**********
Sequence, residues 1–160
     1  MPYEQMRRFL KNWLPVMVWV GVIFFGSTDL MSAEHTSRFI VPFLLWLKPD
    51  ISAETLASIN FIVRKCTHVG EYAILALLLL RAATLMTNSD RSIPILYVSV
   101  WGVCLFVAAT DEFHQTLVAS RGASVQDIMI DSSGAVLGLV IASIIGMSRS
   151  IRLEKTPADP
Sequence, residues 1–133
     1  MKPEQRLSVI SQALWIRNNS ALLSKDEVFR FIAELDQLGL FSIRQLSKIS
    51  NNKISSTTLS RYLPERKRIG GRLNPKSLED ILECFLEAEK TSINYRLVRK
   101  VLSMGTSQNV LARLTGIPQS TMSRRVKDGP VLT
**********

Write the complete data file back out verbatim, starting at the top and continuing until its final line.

Sequence, residues 1–160
     1  MPYEQMRRFL KNWLPVMVWV GVIFFGSTDL MSAEHTSRFI VPFLLWLKPD
    51  ISAETLASIN FIVRKCTHVG EYAILALLLL RAATLMTNSD RSIPILYVSV
   101  WGVCLFVAAT DEFHQTLVAS RGASVQDIMI DSSGAVLGLV IASIIGMSRS
   151  IRLEKTPADP
Sequence, residues 1–133
     1  MKPEQRLSVI SQALWIRNNS ALLSKDEVFR FIAELDQLGL FSIRQLSKIS
    51  NNKISSTTLS RYLPERKRIG GRLNPKSLED ILECFLEAEK TSINYRLVRK
   101  VLSMGTSQNV LARLTGIPQS TMSRRVKDGP VLT